Five shots only
Dennis Anderson, Star Tribune Minneapolis, MN
October 10, 2004 ANDY1010
STONEWALL, MANITOBA -- The point on this morning is to shoot, but sparingly. Each of the four members of our "team" has five shells, and five shells only, and with these, if fortune shines, we will garner our legal, collective limit of 12 birds. Preferably, the birds will be big.
Thinking of this the night before -- the responsibility of shooting well individually so as not to disappoint the group -- I slept fitfully. In my imaginings, I saw geese descending from all angles, as well as flying above, just on the margins of shotgun range.
Sometimes I took the shot, sometimes I didn't.
I never did see a bird fall.
"At least," I said to myself, reviewing the dreams at 4:15 a.m. when the alarm rang, "I wasn't naked."
We set up the decoys with only minor arguing. Bud Grant cited past experience in saying he didn't want too many decoys too far out front. Ryan Deprez, our token Canadian, had some ideas, too. As did Norb Berg of Barronett, Wis., who, with me, made up our squad.
In the end, like a committee, we put a few decoys here, a few there, and called it good.
The hunt was Bud's idea. He had participated in it the past two years and called the experience time well spent, noting the event is a fund-raiser organized by the good people of Stonewall.
"Last year my team almost won it," Bud said. "But the year before, I brought Verne Gagne and he couldn't hit anything."
Gagne, the onetime pro wrestler and standout athlete at the University of Minnesota, thus again was absent from the traveling squad, dropped like a bad idea. Instead, Norb and I were brought in as hired guns, of a sort. Ryan, meanwhile, had hunted on Bud's team last year, and shot well, so he was allowed back for another go.
A little background on what is called the South Interlake 12/20 Canada Goose Shoot:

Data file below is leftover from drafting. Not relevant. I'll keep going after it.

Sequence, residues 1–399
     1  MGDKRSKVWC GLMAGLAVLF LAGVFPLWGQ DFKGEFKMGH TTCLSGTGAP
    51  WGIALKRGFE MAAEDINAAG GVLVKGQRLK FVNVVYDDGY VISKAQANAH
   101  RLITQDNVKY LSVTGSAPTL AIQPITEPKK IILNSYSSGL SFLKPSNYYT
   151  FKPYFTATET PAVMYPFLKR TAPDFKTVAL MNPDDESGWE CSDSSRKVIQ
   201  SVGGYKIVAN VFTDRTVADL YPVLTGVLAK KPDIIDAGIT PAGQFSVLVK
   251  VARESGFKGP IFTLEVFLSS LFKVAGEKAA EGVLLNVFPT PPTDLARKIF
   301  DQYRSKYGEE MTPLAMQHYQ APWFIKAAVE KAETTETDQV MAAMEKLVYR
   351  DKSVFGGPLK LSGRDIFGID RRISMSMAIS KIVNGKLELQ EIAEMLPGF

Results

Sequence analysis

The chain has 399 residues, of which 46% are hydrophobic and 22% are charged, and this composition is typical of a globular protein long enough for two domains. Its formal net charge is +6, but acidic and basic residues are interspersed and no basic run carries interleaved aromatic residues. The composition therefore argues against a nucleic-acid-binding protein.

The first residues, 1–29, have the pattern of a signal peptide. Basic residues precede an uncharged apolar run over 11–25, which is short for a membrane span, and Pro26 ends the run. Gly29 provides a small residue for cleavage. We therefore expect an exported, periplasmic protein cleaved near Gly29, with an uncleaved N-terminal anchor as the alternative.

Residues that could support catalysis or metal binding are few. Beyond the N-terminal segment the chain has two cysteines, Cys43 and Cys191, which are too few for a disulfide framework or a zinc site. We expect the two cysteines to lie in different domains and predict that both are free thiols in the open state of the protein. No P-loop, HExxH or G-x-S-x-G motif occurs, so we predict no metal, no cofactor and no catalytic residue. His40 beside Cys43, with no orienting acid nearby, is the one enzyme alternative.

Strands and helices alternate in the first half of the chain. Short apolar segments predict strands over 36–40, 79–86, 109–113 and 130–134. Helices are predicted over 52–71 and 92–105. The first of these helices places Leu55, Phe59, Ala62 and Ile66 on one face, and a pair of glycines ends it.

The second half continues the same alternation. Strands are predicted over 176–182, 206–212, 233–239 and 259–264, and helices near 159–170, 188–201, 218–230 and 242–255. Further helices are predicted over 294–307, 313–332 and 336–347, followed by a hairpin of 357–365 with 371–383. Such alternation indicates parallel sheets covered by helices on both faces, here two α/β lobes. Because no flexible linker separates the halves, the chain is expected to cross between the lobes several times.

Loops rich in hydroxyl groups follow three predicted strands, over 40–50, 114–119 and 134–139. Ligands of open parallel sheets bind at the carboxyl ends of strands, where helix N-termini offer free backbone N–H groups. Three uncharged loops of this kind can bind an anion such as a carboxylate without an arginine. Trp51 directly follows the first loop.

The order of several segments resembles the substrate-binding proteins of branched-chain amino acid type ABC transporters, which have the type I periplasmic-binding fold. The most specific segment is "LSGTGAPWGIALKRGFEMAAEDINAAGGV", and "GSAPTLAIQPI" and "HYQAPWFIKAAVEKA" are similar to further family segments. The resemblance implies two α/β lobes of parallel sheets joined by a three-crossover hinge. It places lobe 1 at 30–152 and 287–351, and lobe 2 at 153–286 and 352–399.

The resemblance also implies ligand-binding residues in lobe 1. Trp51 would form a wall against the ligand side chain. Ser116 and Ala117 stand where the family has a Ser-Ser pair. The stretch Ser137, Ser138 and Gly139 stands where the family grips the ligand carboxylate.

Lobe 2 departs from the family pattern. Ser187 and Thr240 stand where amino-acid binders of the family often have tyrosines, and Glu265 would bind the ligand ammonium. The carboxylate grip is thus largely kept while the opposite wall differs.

About six years ago, two couples from Stonewall, Marty and Diane Sexton and Wyman and Darlene Sangster, were en route by car from Manitoba to the Twin Cities to attend a Vikings game.
Like good Canadians everywhere, they were discussing events important to them, which on this day might have included the sad state of the Canadian dollar or, more recently, the United States ban on Canadian beef.
Instead, the plight of their local curling club held their attention.
"It was about to be condemned," Marty recalled. "We needed a new one."
For the unaware, curling is a sport played indoors, mostly in winter, on ice. Bud, who once played for, and coached, the Winnipeg Blue Bombers of the Canadian Football League, is well familiar with its intricacies, and can cite its requirements, to win, of both individual skill and teamwork.
"My dad was a curler!" he often notes proudly.
On that day now long ago, before the Wymans and Sextons reached their seats in the Metrodome to watch the Vikings, they developed a fund-raising idea to save their curling club.
Uniquely Canadian, the plan was to sponsor a competitive goose hunt, in which participants from throughout the United States and Canada would attempt to prove their prowess at attracting and shooting Canada geese.
And the curling club would be saved.
To my far left, Ryan hunkers between two oversized hay bales. Between him and me is Norb, all but invisible in a camouflage Final Approach layout blind.
To my right is Bud.
Everywhere there are geese.
So many geese, in fact, that some in Winnipeg argue the city is overrun with them -- some 1 million or more birds in all, as of last week, according to Manitoba wildlife officials.
That number, combined with a flock of similarly gargantuan proportion hanging out at Oak Hammock Marsh, about an hour north of Winnipeg, makes for a lot of birds.